Chicago, Illinois - Richard Bell, an Indiana copyright attorney and professional photographer appealed a ruling by the United States District for the Southern District of Indiana, Indianapolis Division to the United States Court of Appeals for the Seventh Circuit. The Seventh Circuit dismissed the appeal for lack of jurisdiction.


In this copyright lawsuit, Bell, a repeat Plaintiff in the federal courts of Indiana, alleged copyright infringement by multiple Defendants in a lawsuit that he filed on his own behalf in the Southern District of Indiana. He asserted that each Defendant had impermissibly displayed a photo that he owns on websites promoting their respective businesses. His copyright infringement complaint sought both damages and an injunction prohibiting future use of the photo.

Defendants moved for summary judgment on the issue of damages. The district court found that Bell could not demonstrate how Defendants had caused him financial harm and, thus, Bell was entitled to no monetary recovery. After that ruling, the trial court issued a judgment against Bell, which Bell appealed to the Seventh Circuit.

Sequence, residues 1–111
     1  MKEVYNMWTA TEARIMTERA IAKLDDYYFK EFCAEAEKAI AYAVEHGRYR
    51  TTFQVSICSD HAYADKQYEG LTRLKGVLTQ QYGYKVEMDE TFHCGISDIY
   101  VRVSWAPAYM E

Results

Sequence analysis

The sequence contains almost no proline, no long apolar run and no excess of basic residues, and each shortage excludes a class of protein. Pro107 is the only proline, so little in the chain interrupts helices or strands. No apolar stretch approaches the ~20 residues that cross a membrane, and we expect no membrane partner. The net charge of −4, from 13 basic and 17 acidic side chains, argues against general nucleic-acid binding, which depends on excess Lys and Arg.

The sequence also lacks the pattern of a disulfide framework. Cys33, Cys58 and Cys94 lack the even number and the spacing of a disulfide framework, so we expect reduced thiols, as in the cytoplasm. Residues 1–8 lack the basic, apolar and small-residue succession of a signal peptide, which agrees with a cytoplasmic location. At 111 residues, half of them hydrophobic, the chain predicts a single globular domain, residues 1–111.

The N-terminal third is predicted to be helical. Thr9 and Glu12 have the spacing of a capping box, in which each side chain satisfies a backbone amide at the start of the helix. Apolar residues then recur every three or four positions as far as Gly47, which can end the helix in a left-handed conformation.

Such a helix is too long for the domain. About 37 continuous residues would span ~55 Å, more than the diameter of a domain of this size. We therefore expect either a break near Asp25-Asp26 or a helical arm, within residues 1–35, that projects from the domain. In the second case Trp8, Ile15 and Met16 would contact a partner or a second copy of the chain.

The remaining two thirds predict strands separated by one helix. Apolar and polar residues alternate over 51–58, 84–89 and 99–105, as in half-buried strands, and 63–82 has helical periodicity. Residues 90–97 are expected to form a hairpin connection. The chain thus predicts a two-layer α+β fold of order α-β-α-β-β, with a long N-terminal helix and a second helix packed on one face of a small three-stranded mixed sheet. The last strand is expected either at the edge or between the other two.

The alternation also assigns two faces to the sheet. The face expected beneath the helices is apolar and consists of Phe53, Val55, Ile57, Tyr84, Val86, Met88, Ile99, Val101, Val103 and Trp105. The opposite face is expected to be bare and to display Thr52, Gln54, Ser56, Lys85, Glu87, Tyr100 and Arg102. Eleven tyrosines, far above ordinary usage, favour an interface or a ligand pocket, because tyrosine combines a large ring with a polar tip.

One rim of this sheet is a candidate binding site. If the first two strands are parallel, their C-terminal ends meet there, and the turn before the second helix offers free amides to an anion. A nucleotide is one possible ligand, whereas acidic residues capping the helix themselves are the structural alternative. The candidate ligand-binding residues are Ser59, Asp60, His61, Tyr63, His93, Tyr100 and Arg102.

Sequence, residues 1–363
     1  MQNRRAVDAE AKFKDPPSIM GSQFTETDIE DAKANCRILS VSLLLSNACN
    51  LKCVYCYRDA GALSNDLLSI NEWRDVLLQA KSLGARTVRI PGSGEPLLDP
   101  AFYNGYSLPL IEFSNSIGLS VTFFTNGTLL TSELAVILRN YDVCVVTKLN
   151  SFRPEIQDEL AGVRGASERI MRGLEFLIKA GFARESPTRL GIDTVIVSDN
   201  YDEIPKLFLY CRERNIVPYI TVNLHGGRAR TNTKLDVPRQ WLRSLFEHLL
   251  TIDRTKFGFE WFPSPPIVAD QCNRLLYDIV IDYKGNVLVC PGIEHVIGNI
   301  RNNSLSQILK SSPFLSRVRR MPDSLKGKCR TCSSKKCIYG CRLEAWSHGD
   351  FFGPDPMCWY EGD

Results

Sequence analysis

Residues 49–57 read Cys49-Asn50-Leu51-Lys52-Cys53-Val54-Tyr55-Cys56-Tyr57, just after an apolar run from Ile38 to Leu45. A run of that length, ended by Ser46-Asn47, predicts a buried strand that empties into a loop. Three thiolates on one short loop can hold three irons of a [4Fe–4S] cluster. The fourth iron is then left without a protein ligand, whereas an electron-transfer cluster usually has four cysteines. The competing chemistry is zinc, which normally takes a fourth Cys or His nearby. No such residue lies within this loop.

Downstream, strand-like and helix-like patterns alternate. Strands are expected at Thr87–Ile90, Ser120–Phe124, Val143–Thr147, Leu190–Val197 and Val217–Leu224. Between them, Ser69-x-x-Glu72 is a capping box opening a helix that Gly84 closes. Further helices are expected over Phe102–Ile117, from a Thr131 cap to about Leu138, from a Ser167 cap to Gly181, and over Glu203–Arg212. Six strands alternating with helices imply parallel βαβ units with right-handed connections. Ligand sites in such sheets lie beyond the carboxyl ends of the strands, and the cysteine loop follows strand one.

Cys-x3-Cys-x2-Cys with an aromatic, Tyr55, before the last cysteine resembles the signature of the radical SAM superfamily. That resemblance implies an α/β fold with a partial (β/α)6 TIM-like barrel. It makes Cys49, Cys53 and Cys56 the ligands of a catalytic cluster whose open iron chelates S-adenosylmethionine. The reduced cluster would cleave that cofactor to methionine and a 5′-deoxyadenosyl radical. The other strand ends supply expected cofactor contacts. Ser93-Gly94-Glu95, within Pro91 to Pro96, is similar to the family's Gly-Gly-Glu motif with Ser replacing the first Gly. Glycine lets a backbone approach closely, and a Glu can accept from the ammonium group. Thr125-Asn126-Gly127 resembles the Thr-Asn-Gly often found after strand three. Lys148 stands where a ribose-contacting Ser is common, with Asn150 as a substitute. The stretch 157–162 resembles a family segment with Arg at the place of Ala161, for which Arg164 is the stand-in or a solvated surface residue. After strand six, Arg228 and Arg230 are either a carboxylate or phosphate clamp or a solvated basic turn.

The Seventh Circuit declined to hear the matter on the grounds that it lacked jurisdiction, noting that the district court had ruled on the issue of damages but not on the issue of injunctive relief. The appellate court would not have jurisdiction under 28 U.S.C. § 1291 until a "final decision" had been reached. In turn, such a "final decision" required that the litigation had been concluded on its merits.

Practice Tip: Bell's approach here is curious. First, he appealed the district court's ruling. Then, he apparently argued to the Seventh Circuit that his own appeal was premature because the district court's judgment had not been final. As the appellate court noted, "Bell is correct: the court did not resolve his claims for injunctive relief. As such, the district court's ruling was not final, and Bell's appeal is premature."

Practice Tip: Richard Bell has sued hundreds of defendants for copyright infringement in the Indiana federal courts. Previous blog posts regarding his litigation include:

Bell Rings in the Holiday Weekend with a New Copyright Lawsuit
Bell Files New Copyright Infringement Lawsuit
Bell Sues Georgia-Base for Copyright Infringement
Richard Bell Files Two New Copyright Infringement Lawsuits
Court Prevents Copyright Plaintiff Bell from Outmaneuvering Legal System; Orders Bell to Pay Almost $34,000 in Fees and Costs